Impact of Ultrasound-Guided Kidney Biopsy Simulation on Trainee Confidence and Biopsy OutcomesDawoud D.a · Lyndon W.a · Mrug S.b · Bissler J.J.c · Mrug M.a, d
Departments of aMedicine and bPsychology, University of Alabama at Birmingham, Birmingham, Ala., and cDivision of Nephrology and Hypertension, Cincinnati Children’s Hospital Medical Center, Cincinnati, Ohio, and dDepartment of Veterans Affairs Medical Center, Birmingham, Ala., USA Corresponding Author
Background/Aims: To improve procedural skill competence in real-time ultrasound-guided renal biopsy, we have developed an inexpensive simulation tool (a porcine kidney inserted under a turkey breast) that mimics biopsy conditions in human patients in terms of kidney size, depth, echogenicity and overall structural characteristics. This study investigated the utility of this simulation tool for improving trainees’ confidence in performing renal biopsy and biop- sy-associated bleeding complications. Methods: We have quantitatively assessed the confidence level of renal fellows before and after their initial renal biopsy simulation training. Subsequently, we determined the effect of this simulation training on trainees’ procedural competence by comparing outcomes of clinical renal biopsies performed by fellows that did versus those who did not participate in the simulation training. Results: We show that renal biopsy simulation has improved the confidence level of trainees (23.4 presimulation to 70.3 postsimulation on a 0–100 scale; p = 0.001; η2 = 0.69). The improvement in trainees’ confidence did not vary across their prior experience performing renal biopsies (η2 = 0.23; p = 0.060). Additionally, fellows who participated in the simulation training demonstrated improved competence in performing the renal biopsy procedure in patients. Successful retrieval of renal tissue per pass was 94% (vs. 73% in fellows who did not participate in this simulation training; p = 0.002) and procedure-related blood loss was reduced as indicated by smaller postbiopsy versus prebiopsy hematocrit decline (1.18 vs. 2.68; p = 0.049). Conclusion: Renal biopsy simulation training may improve trainees’ confidence and reduce the severity of biopsy-associated bleeding complications in patients.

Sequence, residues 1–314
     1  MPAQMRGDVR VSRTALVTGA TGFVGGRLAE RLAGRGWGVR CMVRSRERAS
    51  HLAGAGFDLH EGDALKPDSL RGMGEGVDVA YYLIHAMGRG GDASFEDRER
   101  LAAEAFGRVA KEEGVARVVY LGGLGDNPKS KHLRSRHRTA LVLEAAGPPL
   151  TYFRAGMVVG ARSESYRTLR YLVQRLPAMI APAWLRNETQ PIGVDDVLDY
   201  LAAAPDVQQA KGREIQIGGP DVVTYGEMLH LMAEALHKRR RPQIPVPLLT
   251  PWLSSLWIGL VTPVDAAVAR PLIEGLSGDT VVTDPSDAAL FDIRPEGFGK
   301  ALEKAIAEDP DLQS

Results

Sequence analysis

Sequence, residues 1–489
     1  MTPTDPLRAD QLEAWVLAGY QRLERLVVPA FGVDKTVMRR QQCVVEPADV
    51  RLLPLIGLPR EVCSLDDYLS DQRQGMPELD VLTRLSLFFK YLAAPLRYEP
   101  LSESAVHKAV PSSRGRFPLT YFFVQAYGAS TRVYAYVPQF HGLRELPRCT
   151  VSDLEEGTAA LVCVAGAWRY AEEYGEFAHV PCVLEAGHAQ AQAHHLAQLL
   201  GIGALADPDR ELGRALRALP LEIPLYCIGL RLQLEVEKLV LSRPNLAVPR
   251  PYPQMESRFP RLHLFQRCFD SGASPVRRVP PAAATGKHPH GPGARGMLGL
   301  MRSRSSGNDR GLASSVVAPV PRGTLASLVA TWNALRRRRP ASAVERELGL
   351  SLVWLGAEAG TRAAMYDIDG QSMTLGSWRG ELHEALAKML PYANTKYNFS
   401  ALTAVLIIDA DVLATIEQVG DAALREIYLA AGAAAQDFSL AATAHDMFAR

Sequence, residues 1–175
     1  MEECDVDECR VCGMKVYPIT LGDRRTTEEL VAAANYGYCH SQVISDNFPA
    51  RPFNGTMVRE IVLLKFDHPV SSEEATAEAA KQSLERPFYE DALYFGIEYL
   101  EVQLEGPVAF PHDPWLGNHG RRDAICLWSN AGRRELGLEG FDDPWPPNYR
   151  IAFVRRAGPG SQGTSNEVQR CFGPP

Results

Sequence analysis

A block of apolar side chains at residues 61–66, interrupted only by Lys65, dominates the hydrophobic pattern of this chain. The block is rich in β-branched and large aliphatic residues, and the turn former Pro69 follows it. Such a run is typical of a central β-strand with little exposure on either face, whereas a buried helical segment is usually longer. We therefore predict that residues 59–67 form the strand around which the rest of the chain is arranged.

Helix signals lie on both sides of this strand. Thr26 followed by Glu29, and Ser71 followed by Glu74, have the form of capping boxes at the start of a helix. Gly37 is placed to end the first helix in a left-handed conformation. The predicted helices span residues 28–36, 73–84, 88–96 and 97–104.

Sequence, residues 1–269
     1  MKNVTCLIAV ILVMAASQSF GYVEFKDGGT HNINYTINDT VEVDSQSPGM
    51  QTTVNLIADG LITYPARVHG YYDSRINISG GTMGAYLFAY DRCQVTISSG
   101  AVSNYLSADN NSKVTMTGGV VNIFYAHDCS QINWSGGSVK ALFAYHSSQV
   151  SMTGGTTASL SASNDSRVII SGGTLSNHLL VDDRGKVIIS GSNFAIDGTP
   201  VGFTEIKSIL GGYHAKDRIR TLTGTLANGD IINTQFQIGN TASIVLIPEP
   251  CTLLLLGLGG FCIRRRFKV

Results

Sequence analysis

Copyright © 2012 S. Karger AG, Basel
The first surgical simulations were introduced over two decades ago . Due to increasing working hour restrictions and the rising prevalence of laparoscopic procedures, simulation experiences have become an integral part of training for surgical residents. Several randomized controlled trials have demonstrated improved surgical resident performance in the operating room when simulation is used to supplement traditional surgical residency training [2,3,4]. As a result of surgical simulation successes, this form of training has spread into medical subspecialties and, effective as of July 2012, simulation training became one of the Accreditation Council for Graduate Medical Education (ACGME) requirements for Nephrology Training Programs .